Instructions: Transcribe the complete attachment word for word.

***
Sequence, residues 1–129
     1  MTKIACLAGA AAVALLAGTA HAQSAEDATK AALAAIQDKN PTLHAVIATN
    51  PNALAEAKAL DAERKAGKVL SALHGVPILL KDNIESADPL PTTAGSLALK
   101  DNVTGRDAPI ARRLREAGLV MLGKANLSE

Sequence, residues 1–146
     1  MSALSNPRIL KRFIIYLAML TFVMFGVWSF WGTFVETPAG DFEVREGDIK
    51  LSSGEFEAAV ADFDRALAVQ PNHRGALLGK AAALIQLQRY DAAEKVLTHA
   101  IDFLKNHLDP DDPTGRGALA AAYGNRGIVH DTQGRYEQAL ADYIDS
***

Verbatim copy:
Sequence, residues 1–129
     1  MTKIACLAGA AAVALLAGTA HAQSAEDATK AALAAIQDKN PTLHAVIATN
    51  PNALAEAKAL DAERKAGKVL SALHGVPILL KDNIESADPL PTTAGSLALK
   101  DNVTGRDAPI ARRLREAGLV MLGKANLSE

Sequence, residues 1–146
     1  MSALSNPRIL KRFIIYLAML TFVMFGVWSF WGTFVETPAG DFEVREGDIK
    51  LSSGEFEAAV ADFDRALAVQ PNHRGALLGK AAALIQLQRY DAAEKVLTHA
   101  IDFLKNHLDP DDPTGRGALA AAYGNRGIVH DTQGRYEQAL ADYIDS